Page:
Trump 'not happy about' Price's taxpayer-funded private jet use

Trump 'not happy about' Price's taxpayer-funded private jet use

Ronald Pratt
September 28, 2017

Donald Trump's Health and Human Services Secretary Tom Price used a jet paid for by the US government to visit locations where he owns properties, Politico reports.

Mr Trump said he was "looking into it" after reports emerged that Mr Price had taken 24 flights on private planes for official trips since May.

If ObamaCare repeal is dead for now, despite Trump's protests to the contrary, this would be a fine time for him to shed himself of Price's embarrassing private-jet shenanigans.

Asked if he will fire Price, Trump responded, "We'll see".

Price's travels were first reported last week by Politico, which said it had identified 26 charter flights at a cost of hundreds of thousands of dollars.

The President's blunt words underscored his strong displeasure toward Price that could ultimately lead to his dismissal.

Rep. Tom Cole, R-Okla., who chairs the House Appropriations Subcommittee on Labor, Health and Human Services, Education, and Related Agencies, said in an interview Wednesday that while he had not yet had a chance to talk to Price, his practice of taking so many charter planes reflected "poor judgment".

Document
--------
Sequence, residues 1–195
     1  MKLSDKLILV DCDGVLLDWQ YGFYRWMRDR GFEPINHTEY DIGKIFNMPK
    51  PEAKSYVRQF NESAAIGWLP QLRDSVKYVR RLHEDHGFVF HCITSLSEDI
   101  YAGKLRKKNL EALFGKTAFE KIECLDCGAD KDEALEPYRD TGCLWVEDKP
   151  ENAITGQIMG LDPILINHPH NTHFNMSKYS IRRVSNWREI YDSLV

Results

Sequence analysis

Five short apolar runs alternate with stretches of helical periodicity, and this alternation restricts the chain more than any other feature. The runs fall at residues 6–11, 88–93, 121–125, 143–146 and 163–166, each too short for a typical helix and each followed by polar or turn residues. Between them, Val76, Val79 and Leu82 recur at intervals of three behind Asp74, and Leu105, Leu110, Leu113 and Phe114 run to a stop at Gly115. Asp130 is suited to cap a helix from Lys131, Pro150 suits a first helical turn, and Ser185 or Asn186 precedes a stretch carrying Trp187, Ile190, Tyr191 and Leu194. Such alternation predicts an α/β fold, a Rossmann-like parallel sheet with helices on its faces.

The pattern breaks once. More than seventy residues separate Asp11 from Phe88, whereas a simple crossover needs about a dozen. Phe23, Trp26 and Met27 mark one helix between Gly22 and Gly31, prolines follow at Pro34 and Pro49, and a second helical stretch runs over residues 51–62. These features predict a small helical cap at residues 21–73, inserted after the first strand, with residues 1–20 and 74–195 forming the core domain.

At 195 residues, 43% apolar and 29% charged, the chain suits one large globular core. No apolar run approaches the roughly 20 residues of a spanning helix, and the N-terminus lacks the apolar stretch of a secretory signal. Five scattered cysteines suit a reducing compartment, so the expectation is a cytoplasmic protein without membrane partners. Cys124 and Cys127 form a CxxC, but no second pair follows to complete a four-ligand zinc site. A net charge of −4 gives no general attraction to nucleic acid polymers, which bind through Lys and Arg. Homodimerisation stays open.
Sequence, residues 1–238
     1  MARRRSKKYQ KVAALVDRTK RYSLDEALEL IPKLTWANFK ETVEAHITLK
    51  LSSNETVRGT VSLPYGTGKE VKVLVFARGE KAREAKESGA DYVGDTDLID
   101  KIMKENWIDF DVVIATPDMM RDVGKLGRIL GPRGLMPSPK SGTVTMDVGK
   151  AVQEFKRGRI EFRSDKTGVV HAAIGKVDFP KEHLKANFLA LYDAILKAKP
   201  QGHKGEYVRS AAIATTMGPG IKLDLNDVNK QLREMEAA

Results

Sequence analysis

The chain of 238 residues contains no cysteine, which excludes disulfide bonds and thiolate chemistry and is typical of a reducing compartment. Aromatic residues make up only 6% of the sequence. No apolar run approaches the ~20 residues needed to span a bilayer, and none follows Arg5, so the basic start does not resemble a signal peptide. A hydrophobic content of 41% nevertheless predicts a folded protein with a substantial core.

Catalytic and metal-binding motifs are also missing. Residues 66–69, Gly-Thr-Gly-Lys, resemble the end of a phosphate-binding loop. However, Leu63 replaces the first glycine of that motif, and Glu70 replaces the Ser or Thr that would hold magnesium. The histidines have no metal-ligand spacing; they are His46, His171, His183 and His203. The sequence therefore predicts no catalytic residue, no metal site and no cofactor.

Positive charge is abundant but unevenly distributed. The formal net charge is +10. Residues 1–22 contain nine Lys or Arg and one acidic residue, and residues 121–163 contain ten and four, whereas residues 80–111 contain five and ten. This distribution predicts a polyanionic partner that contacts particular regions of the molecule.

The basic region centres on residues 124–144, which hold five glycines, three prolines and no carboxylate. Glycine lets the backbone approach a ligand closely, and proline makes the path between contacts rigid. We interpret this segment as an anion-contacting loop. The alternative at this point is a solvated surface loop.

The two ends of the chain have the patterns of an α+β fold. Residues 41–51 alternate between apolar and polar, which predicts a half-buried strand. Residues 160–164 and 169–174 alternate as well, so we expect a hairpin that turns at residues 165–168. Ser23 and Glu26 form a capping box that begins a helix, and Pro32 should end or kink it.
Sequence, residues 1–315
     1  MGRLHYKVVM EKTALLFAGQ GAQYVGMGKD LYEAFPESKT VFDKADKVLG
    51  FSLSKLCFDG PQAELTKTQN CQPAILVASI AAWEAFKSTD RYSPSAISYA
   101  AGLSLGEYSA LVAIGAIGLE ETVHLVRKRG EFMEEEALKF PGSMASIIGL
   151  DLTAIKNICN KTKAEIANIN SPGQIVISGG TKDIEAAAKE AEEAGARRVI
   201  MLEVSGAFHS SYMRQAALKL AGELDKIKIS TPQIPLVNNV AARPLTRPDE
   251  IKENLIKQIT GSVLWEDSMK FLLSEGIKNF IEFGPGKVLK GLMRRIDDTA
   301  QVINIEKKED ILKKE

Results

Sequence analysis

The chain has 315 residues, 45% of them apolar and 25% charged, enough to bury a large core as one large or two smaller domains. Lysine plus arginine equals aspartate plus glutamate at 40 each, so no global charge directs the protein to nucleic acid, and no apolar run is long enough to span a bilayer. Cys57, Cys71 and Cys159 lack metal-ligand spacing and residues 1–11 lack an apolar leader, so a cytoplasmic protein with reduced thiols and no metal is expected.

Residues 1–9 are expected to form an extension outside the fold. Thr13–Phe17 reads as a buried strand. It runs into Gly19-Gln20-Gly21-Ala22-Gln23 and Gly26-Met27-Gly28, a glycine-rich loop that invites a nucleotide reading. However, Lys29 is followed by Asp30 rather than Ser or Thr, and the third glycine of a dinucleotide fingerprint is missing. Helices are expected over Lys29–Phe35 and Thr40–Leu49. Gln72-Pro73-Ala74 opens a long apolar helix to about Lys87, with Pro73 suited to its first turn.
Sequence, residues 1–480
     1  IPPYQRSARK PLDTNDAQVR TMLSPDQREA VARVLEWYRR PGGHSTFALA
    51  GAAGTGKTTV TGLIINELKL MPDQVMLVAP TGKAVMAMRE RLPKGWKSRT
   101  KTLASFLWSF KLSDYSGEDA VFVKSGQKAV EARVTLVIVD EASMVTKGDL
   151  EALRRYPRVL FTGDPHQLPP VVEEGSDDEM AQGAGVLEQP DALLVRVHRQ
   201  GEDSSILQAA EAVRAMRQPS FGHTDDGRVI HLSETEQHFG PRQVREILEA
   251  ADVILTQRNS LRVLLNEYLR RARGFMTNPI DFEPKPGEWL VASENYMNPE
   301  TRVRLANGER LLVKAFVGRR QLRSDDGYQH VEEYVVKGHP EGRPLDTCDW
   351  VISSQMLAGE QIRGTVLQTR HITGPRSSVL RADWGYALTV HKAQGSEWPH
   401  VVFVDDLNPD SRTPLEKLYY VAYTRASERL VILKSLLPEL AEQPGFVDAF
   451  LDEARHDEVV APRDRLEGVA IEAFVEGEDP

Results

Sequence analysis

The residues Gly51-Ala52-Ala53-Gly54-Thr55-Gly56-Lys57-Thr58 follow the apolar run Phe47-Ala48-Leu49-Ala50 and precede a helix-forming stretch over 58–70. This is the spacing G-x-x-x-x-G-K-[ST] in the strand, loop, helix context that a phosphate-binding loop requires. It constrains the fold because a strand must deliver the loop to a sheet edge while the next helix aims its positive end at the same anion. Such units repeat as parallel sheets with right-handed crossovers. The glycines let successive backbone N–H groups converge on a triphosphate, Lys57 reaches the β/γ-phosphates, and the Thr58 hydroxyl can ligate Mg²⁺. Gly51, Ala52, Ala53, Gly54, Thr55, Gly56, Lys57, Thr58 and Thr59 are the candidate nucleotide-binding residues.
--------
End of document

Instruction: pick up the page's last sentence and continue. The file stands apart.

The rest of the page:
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Senate Republicans can not afford to lose any more GOP defections, given the united Democratic resistance to the measure. The president followed up on the criticism via Twitter on Saturday morning.

During her tenure, Sebelius said, officials were required to travel commercially in economy class but were permitted to book business-class tickets if a flight lasted more than 12 consecutive hours.

Price said he would suspend his use of private planes while the OIG conducted its investigation.

Sebelius, who served as health secretary in the Obama administration, told Bloomberg reporters that while in office, she only took one chartered flight - to visit three remote villages in Alaska.

Trump's remarks were the latest example of the White House distancing itself from Price's actions.

A group of Democratic lawmakers on Wednesday called for Price's resignation.

A small number of Cabinet members, military officials and law enforcement officials are allowed to travel on government planes for national security reasons. Price, after all, maintained a reputation on Capitol Hill of being a fiscal hardliner and constant voice admonishing wasteful government spending. The exceptions are when they are traveling with the president or vice president, who fly aboard government planes.